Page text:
If the filmmakers weren't so constrained by the narrative necessity of commercial movie-making, they could have just filmed a two-hour movie of barbershop bonhomie (a subject dying for a good documentary) and been better off for it.

Calvin's barbershop, as one character explains, is a cornerstone of the neighborhood, "our own country club." It's a place to hang out, discuss the issues of the day, hurl playful insults, and speak words otherwise left unsaid because, as the same character later explains, "ain't nobody exempt in a barbershop."

Director Tim Story and writer Mark Brown have assembled a colorful cast of characters and performers to people this very stage-y central location. Ice Cube, though great in previous roles (especially as the hollow-eyed Doughboy in the otherwise too after-school-specialish Boyz In the Hood and Chief Elgin in the Gulf War-themed Three Kings), plays the straight man, offering solid support to a group of flashier performers. Fellow hip-hop star Eve plays the shop's only female cutter, Terri, a tough girl who is an object of infatuation for colleague Dinka (Leonard Howze), a gentle West African immigrant proud of a job he rightfully considers skilled craftsmanship. Dinka receives courtship advice from Ricky (the charismatic Michael Ealy), a two-time felon trying to go straight who trades barbs with the well-educated-and-making-sure-everyone-knows-it Jimmy James (Sean Patrick Thomas, with a less kind spin on the role he played in Save the Last Dance). Meanwhile, Jimmy James spends the day chastising the shop's newest cutter, hip-hop-loving white boy Isaac Rosenberg (Troy Garity), whom he perceives as a poseur. Looking over the crew is longtime barber Eddie (The Original Kings Of Comedy's Cedric the Entertainer, with his graying hair implying at least 20 years on the actor's actual age), who spends the day expounding on every subject that comes up, which is easy when you don't have any customers but do have one longtime regular ("Checkers Fred") who sits in the corner cheering you on all day.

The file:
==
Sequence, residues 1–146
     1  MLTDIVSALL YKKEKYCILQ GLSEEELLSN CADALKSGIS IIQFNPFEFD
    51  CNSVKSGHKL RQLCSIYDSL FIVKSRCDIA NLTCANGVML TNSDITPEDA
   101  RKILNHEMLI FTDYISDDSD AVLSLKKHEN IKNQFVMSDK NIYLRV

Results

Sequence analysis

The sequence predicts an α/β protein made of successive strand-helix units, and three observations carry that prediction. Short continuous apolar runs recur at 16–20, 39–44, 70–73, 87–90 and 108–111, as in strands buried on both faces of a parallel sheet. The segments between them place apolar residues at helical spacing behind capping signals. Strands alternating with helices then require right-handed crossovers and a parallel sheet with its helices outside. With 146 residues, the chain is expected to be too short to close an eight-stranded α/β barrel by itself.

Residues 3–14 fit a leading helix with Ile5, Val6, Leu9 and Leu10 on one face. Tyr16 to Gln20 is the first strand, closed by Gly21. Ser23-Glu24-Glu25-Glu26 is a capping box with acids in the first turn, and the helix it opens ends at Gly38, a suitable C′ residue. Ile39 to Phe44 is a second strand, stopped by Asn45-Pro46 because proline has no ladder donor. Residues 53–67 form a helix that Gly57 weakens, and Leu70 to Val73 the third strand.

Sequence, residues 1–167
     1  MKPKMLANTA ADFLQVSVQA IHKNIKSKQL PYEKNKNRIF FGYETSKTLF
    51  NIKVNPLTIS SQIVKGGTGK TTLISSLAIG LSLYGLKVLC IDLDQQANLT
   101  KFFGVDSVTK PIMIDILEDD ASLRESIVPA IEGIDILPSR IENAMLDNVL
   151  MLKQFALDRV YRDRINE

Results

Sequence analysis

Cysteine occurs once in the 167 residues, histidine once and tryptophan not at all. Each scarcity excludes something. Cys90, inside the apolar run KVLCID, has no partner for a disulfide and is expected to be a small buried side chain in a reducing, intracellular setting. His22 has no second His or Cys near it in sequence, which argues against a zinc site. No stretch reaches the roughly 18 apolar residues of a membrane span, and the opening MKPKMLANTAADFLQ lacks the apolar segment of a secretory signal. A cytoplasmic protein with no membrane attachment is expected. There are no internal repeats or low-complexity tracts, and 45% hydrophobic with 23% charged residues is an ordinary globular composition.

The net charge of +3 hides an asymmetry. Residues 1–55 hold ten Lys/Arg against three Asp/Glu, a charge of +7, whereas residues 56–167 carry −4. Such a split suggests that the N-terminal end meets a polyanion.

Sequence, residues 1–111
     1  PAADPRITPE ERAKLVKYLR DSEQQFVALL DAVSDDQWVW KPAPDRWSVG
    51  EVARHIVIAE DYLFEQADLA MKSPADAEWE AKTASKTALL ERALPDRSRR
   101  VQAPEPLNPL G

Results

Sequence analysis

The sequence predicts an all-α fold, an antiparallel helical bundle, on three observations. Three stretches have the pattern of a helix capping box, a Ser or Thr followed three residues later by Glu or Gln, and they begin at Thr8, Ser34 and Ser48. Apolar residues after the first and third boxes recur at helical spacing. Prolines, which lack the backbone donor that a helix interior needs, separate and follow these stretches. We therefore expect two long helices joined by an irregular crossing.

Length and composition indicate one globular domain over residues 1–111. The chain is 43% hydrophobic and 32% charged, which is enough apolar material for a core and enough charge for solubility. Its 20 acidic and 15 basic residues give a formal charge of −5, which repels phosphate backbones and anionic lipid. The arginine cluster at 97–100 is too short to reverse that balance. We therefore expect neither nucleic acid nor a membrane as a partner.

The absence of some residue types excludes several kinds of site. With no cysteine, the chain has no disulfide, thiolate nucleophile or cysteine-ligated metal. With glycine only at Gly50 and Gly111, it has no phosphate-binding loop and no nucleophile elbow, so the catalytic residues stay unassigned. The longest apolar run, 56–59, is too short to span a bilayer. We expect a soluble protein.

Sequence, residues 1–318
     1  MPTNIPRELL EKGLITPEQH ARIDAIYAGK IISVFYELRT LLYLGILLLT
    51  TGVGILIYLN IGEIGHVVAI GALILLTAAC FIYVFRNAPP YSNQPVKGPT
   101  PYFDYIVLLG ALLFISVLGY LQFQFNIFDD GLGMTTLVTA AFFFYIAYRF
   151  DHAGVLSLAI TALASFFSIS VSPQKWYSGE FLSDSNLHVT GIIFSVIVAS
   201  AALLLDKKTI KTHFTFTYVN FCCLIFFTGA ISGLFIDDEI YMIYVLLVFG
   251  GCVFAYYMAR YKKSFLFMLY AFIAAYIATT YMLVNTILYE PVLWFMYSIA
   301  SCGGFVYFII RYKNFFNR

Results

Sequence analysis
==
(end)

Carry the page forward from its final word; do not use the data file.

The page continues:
Eddie is the focal point of these scenes, a likable old loudmouth who is prone to begin stories with "In my day " and who worked his chair through all of the crucial city events of his generation --the riots in '68, desegregation and busing in '74, Walter Payton's 275-yard game against the Vikings in '77. Eddie begins one screed with the young-folks-baiting "Black people need to stop lying" then slaughters a series of sacred cows -- Rodney King, O.J., Rosa Parks -- before sending his co-workers into convulsions of outraged laughter with the ultimate dis: "Look, fuck Jesse Jackson. Jesse Randy, Tito, Action, all those Jacksons."

Cedric the Entertainer's Eddie is a blast when he lays back and eggs on his younger cohorts ("Knock his college ass out!" he yells when Ricky and Jimmy James nearly come to blows) or spouts malapropisms ("Welfare and affirmative action: Is that not respirations?" he asks during one serious discussion), but the film loses steam when Story and Brown force him to become the preachy voice of wisdom.

Barbershop is at its best when it doesn't try so hard, when it allows the audience to slip into the daily rhythms of work and conversation at the shop: a debate over the crucial distinction between a "woman with a big ass" and a "big-ass woman"; a hand-scrawled cardboard sign that reads "No rap music before 10 a.m.," the arrival of that hour marked by one cutter dropping an EPMD cassette into the stereo and blasting the classic single "You Gots To Chill"; a simple shaving lesson from Eddie that gets his younger colleagues to settle down and pay attention for a few minutes.

Barbershop's barbershop is a great place to hang out. If we have to put up with the film's predictable plot trappings in order to do so, it's well worth it.